Wednesday, 24 June 2009

The Keys of the Kingdom

From time-to-time on a London Walk, the unexpected happens. Every once-in-a-while, the current owner of Ezra Pound’s former home in Kensington pops out to greet the London Walkers and treat them to a reading of Pound’s work and a tale of meeting his daughter. Someone may pop out of a Knightsbridge house and ask the Walkers to join a 21st Birthday Party (it happened. It really did: just ask London Walks guide supreme Nick on his Knightsbridge Pubs Walk this Friday… or read his LW Blog post about it HERE).

It happened again last weekend with David, while he was guiding his regular Sunday morning bunberry in Hampstead. During the walk he ran in to a Hamspteadite with an intriguing looking garden. A few words were exchanged and – hey presto! – David and his 20 London Walkers were escorted into a hidden corner of Hampstead that few will ever see.

Which leads us to the new London Walks series of hidden ceremony walks. We’re thinking of calling ‘em Pomp & Circumstances Walks (a nod, of course, to Elgar’s Pomp and Circumstances Marches) and they will feature the secret ceremonies that make London tick.

London is, of course, famous for its ceremonies. The Changing of the Guard is simply a must see; ditto Trooping the Colour; the equally celebrated Ceremony of the Keys at the Tower of London is quite something, too. But the real “keys of the kingdom” – or at least its capital – can be found in the unique little pageants that mark the passage of the City’s year since time immemorial.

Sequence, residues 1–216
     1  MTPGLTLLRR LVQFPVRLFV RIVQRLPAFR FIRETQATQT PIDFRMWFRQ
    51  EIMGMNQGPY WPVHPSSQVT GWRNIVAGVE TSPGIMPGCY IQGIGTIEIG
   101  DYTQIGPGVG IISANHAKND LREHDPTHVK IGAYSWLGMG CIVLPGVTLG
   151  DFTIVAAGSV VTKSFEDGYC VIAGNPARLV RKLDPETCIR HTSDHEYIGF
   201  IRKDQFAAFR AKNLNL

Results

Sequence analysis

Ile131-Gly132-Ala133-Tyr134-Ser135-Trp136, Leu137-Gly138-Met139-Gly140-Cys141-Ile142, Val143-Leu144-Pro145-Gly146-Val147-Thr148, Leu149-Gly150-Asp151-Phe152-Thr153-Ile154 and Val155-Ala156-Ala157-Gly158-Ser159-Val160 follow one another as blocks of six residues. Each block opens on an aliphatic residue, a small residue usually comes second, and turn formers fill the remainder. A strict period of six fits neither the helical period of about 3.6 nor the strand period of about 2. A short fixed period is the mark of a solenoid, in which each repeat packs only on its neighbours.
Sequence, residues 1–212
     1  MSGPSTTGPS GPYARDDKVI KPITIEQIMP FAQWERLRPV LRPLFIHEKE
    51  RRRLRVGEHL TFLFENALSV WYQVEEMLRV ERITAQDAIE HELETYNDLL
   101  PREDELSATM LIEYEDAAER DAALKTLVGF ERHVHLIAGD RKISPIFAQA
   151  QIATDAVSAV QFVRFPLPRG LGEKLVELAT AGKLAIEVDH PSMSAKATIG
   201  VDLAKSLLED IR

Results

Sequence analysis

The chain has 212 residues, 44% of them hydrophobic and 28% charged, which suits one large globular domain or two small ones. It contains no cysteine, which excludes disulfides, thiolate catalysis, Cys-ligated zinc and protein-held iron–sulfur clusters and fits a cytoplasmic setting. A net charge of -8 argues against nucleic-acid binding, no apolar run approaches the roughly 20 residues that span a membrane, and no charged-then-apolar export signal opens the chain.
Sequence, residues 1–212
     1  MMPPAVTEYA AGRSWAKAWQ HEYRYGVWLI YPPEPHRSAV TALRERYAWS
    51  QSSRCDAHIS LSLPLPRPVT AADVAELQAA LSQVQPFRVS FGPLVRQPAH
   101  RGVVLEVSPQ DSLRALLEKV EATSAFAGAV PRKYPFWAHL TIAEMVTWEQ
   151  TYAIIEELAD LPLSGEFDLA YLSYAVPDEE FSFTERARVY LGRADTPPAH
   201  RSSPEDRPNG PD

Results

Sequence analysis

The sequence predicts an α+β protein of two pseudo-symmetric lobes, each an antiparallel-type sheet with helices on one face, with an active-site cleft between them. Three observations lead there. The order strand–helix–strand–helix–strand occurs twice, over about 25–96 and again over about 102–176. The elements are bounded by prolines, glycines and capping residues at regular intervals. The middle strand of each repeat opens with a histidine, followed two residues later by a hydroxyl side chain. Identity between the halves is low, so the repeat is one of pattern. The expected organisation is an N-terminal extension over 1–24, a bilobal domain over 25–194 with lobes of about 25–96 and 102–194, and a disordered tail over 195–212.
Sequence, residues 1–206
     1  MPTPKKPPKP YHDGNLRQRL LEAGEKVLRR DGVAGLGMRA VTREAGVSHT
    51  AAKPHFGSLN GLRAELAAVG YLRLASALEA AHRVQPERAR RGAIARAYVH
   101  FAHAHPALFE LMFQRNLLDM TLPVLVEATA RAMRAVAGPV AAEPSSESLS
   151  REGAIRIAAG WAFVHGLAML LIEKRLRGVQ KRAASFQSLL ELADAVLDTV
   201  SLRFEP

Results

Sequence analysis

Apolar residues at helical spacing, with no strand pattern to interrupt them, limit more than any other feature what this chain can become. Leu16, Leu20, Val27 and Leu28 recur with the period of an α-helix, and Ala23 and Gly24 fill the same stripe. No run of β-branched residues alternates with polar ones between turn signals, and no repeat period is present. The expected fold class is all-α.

Our new series of must-see guided tours opens with a London Walk featuring a unique ceremony conducted by The Worshipful Company of Vitners (one of the Great Twelve Livery Companies) the motto of which is Vinum Exhilarat Animum – Latin for “Wine Cheers the Mind”. Cheers!

The Pomp & Circumstance Walks will be guided by Karen, one of London Walks’ award-winning guides – the first one takes place on the 8th July. As Karen is working on the walk as we blog, time and meeting place are TBC. But regular visitors to The Mothership, the London Walks Blog and London Walks Facebook Group Members (sign up below) will be the first to know, so do check back with us soon.

(The Keys of the Kingdom pictured adorn the entrance to the R.C Church of The Most Holy Trinity, Dockhead, Bermondsey SE1. Designed by architect and Hawksmoor biographer H.S Goodhart-Rendel and completed in 1959, the church has the distinction of being the first R.C Church in London since The Reformation to be built fronting a public highway.)

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